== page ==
With Schoenberg’s adventures in atonal music now a century old, and with the experimental music composer John Cage now officially sanctioned by the BBC Proms, the aim of this module is to ask, simply: what is music doing now, in the latter part of the second decade of the 21st century? What creative concerns unite or divide contemporary composers, and to what extent do they build on or depart from the innovations of 20th century modernism? Is there a shared sense of political, economic, and cultural background against which composers respond and react? Is ‘new’ or ‘contemporary’ music more global now than it was in the twentieth century, or do Europe and America still dominate? And what does ‘contemporary music’ actually refer to: when did ‘the contemporary’ start, when will it end, and what musics does it include and exclude?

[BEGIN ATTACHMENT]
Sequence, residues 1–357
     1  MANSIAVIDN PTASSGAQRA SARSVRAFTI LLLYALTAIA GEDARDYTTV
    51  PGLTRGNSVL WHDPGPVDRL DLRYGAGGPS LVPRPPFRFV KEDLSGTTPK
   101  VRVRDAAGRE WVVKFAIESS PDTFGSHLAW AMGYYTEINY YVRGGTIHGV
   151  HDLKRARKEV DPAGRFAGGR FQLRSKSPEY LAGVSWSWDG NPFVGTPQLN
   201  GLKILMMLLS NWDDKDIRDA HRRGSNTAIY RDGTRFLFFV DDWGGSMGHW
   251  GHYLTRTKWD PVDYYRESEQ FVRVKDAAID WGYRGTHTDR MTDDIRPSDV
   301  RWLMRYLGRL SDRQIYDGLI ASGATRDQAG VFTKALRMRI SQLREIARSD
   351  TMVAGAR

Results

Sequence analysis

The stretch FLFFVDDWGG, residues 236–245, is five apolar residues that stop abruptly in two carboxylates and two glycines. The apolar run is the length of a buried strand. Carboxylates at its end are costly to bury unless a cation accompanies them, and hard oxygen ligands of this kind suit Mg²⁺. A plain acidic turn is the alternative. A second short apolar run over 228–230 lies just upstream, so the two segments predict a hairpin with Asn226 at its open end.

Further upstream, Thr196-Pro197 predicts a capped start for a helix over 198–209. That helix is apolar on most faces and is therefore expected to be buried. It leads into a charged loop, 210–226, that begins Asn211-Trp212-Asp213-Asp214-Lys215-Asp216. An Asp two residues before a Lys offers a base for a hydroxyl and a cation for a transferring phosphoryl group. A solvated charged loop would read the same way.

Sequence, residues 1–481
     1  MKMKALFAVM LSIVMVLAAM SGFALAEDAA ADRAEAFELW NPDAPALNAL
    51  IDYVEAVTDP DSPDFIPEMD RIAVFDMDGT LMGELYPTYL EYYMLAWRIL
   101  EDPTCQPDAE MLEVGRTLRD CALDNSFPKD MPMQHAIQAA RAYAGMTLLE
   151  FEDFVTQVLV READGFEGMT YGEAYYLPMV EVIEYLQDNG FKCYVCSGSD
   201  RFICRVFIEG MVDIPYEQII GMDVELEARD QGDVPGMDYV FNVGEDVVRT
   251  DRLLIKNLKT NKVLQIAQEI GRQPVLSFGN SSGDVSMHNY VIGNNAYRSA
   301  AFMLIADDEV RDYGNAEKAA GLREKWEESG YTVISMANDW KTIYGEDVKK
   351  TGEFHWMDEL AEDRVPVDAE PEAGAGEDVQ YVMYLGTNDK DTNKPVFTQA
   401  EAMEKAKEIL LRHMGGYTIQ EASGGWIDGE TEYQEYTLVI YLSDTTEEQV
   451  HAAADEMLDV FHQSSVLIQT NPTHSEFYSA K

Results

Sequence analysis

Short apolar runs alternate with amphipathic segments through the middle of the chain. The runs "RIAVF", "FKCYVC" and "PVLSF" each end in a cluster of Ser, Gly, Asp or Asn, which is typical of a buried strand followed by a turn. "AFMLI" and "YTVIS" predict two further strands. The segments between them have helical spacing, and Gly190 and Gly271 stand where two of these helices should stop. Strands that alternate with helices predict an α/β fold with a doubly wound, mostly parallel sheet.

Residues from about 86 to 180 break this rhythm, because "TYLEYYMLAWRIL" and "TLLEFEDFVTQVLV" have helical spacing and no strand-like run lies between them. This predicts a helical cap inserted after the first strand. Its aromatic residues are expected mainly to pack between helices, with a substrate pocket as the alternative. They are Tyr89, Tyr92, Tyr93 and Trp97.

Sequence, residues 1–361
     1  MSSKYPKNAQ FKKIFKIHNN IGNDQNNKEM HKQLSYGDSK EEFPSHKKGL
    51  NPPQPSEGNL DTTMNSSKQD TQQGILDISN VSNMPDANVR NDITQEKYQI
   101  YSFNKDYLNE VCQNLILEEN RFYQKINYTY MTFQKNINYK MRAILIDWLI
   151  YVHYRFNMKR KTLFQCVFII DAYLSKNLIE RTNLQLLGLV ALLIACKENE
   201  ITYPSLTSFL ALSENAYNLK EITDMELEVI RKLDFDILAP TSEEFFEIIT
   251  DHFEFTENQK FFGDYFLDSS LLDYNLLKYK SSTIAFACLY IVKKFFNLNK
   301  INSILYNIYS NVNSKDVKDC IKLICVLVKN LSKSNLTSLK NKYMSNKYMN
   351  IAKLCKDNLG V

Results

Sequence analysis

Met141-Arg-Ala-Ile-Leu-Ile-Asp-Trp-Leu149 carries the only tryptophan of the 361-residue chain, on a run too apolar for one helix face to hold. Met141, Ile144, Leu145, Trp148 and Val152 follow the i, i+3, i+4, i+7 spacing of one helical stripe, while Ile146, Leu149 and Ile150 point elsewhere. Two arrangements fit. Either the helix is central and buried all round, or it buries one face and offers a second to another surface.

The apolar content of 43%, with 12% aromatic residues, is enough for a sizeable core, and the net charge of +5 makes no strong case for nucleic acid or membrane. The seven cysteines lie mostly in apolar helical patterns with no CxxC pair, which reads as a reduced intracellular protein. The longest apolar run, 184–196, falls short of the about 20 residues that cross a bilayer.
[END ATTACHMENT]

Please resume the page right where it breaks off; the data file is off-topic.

Each class will address a different theme in contemporary music, focusing on (but not guaranteed or limited to): composition and improvisation; language and voice; multimedia and post-medium art; musical systems after serialism; globalisation and the internet; music and the body; and changes in the relations between ‘high’ and ‘low’ culture. Seminars will focus on discussion of texts, scores, videos and other media, and you will have the opportunity to learn through the creation or performance of a work of contemporary music.
Assessment: A compilation of listening diaries, a creative project or essay and in-class presentation (1,750 words or equivalent) and a 2,250-word research project